The March job numbers came in somewhat worse than most analysts had expected. The slower job growth was largely attributable to unusually bad weather in late February and early March, but most of the commentators seem to be missing this fact. Many are warning that the economy might be weaker than they thought. These warnings from commentators are in fact good news. They are good news first because it is almost certainly true that the economy is weaker than these analysts thought. Many had been making silly pronouncements about a new American boom that was not based in any real understanding of the economy. It's always best when the people who are determining economic policy have some idea of the actual state of the economy. The other reason the warnings are good news is that they may slow down the Federal Reserve Board's rush to raise interest rates.
If nothing is done to address this disturbing development, just as Black men's unemployment finally dips into the single digits, Black women may very well eventually pierce the double digit unemployment mark themselves.
In parliament, Agnieszka Pomaska's focus has been on European affairs. But because of her age, she has also necessarily been drawn into discussions about the state of Polish youth. I asked her what kind of policies Poland could implement to deal with high youth unemployment and the serious outflow of Polish young people from the country.
Although the employment situation for veterans has improved since I left the military, the most recent report from the Bureau of Labor Statistics tells me we still have work to do. Every man and woman who has honorably worn the uniform of this country has the ability to make our nation stronger. I know because they already have.
The healthcare industry is a longstanding anchor in many urban centers. Poised to add nearly 5 million jobs to the economy over the next decade, this industry is uniquely positioned to expand job creation and wealth-building opportunities to some of our country's most economically vulnerable communities.
Today's lackluster employment report shows that despite substantial job market improvements over the last year or so, the Federal Reserve should not yet start raising interest rates to prevent the economy from overheating and producing unacceptable inflation. There's still too much labor market "slack" for the Fed to shift its chief concern to the risk of too much inflation.
While I think it's very unlikely that the 126,000 payroll gain marks a new, much slower trend in job growth, there are reasons for caution, especially at the Federal Reserve. This job market has fooled us before, with more head fakes then an NCAA point guard.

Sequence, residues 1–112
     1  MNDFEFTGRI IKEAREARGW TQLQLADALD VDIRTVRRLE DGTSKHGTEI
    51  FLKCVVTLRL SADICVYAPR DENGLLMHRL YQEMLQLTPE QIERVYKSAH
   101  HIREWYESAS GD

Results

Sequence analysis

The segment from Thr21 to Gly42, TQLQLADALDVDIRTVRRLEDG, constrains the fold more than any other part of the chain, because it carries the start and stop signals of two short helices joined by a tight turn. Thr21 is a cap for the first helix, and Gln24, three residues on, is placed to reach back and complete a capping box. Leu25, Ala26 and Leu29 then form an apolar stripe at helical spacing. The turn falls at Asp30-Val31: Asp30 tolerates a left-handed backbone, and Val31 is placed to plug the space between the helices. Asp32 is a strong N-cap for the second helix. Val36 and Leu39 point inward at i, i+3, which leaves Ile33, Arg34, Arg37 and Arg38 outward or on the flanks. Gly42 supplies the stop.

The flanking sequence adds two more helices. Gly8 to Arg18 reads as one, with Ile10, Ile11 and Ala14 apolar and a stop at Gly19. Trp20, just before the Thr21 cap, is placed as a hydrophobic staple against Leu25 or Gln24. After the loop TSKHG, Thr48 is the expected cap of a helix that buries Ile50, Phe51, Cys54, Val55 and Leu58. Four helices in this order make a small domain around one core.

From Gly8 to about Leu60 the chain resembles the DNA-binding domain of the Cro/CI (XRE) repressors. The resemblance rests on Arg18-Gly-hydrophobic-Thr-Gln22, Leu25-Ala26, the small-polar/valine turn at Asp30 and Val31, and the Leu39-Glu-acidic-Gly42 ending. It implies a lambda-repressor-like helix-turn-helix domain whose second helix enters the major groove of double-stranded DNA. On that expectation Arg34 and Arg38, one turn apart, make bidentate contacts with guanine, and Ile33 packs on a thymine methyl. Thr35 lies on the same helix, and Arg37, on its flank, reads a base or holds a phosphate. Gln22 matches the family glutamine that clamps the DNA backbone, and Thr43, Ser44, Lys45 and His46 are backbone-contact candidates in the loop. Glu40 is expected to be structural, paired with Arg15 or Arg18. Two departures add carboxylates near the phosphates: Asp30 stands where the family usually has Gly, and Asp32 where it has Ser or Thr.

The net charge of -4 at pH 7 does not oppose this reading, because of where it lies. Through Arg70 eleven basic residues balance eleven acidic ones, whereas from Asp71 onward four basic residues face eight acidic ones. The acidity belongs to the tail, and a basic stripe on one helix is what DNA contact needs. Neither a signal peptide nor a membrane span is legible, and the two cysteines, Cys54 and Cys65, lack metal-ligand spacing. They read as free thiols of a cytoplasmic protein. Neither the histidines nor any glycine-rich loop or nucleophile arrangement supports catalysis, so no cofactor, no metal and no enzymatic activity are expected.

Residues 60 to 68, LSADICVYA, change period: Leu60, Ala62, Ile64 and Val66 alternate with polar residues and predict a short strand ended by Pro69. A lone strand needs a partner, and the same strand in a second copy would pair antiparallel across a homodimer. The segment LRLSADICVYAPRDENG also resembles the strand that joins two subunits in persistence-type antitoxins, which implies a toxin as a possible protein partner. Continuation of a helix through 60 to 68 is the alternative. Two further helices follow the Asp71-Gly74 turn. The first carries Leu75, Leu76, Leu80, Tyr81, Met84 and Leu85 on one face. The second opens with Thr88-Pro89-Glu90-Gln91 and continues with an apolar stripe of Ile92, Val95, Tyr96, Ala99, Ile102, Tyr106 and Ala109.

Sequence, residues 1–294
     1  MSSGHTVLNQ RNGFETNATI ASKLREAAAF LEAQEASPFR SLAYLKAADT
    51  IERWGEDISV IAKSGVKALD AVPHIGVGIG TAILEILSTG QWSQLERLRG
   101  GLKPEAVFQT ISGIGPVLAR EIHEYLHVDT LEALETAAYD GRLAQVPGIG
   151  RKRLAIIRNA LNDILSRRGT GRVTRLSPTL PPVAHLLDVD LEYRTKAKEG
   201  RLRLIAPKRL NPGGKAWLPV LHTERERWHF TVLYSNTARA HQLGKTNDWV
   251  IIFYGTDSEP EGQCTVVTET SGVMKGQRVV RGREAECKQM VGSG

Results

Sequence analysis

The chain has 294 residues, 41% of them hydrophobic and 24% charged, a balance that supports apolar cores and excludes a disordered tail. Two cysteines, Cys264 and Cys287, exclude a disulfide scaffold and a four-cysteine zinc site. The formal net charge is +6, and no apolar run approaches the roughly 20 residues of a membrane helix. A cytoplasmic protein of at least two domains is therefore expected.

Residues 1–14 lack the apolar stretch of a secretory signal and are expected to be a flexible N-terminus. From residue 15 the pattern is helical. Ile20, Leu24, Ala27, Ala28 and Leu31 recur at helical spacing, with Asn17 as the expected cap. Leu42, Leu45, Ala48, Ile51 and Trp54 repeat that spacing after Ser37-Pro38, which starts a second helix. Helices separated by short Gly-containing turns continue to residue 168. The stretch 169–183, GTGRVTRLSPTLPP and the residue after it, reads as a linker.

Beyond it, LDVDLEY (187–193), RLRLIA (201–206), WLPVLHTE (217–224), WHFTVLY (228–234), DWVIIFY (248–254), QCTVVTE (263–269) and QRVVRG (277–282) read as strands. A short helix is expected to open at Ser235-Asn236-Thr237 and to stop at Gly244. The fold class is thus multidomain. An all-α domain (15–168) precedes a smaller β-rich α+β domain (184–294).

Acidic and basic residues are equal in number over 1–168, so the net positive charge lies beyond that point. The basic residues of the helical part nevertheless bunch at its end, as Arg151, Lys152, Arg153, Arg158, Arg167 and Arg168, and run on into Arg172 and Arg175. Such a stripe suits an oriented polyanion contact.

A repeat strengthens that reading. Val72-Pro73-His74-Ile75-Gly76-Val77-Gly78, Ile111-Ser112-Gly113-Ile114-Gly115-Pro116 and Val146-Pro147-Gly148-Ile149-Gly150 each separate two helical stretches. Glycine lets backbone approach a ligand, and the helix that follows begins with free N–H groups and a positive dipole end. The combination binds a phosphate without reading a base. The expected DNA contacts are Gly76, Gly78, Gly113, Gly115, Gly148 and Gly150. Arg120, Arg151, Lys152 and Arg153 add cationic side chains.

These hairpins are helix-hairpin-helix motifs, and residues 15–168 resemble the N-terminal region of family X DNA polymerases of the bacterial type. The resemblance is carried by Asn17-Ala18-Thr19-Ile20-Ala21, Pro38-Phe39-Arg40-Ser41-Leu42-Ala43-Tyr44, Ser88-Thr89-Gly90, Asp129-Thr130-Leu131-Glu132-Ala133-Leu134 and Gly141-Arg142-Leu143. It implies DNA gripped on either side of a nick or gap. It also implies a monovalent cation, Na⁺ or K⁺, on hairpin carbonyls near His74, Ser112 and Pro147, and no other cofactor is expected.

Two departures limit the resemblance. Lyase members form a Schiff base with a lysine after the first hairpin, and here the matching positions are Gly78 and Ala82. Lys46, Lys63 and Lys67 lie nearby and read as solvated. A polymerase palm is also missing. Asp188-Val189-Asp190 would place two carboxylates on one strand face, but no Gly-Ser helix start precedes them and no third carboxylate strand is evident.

You need to use your professional power and take control of your career trajectory. If you have a bad boss, suffering in silence (or out loud) is not a wise career strategy.
Young people have taken it for far too long. The exploitation of my generation began quietly with brutal standardized testing and increased rates of childhood poverty. It crescendoed with raising university tuition prices until the stage was set for the grand finale.
Next time you hear someone blabbing about how robots are going to take away our jobs, tell them to can the science fiction and get back to the real world. The immediate threat to jobs is the folks on the Federal Reserve Board who want to raise interest rates.
In the wake of the financial crisis, President Obama took the helm of a sinking economic ship and help to right it. The unemployment rate is now once again at pre-recession levels -- the lowest in seven years (5.5%).
Both Piketty and Clark say that politics, not economics, will determine the future. However, the economy will certainly be a major focus of upcoming election debates in both countries. The real question is, will the electorates in the U.S. and the UK stage a revolt?
The market's response to Wednesday's economic data was somewhat perplexing at first blush.
Entrepreneurs play an important role in national economic health and economic competitiveness. What is less recognized, and becoming increasingly important, is the role entrepreneurs also play in national security.
Graduating from college debt-free feels really good. When Ja'Net Adams got her degree from South Carolina State in 2003, she was one of those fortunate students who started her adult life without debt, and things went along really well for her. Then, in 2008, she lost her job.
I've been in some extremely frustrating job situations, but this may have been the worst. A disability rights organization I admired, a dream position for which I felt qualified, but due to another offer, I needed to know if I was still in the running.